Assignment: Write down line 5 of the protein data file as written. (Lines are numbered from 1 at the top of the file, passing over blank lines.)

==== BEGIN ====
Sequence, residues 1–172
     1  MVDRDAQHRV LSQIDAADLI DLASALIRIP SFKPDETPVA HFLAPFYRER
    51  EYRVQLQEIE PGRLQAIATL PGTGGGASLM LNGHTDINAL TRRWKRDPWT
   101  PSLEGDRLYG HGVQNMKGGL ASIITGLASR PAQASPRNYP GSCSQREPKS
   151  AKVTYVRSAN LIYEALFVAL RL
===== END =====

   151  AKVTYVRSAN LIYEALFVAL RL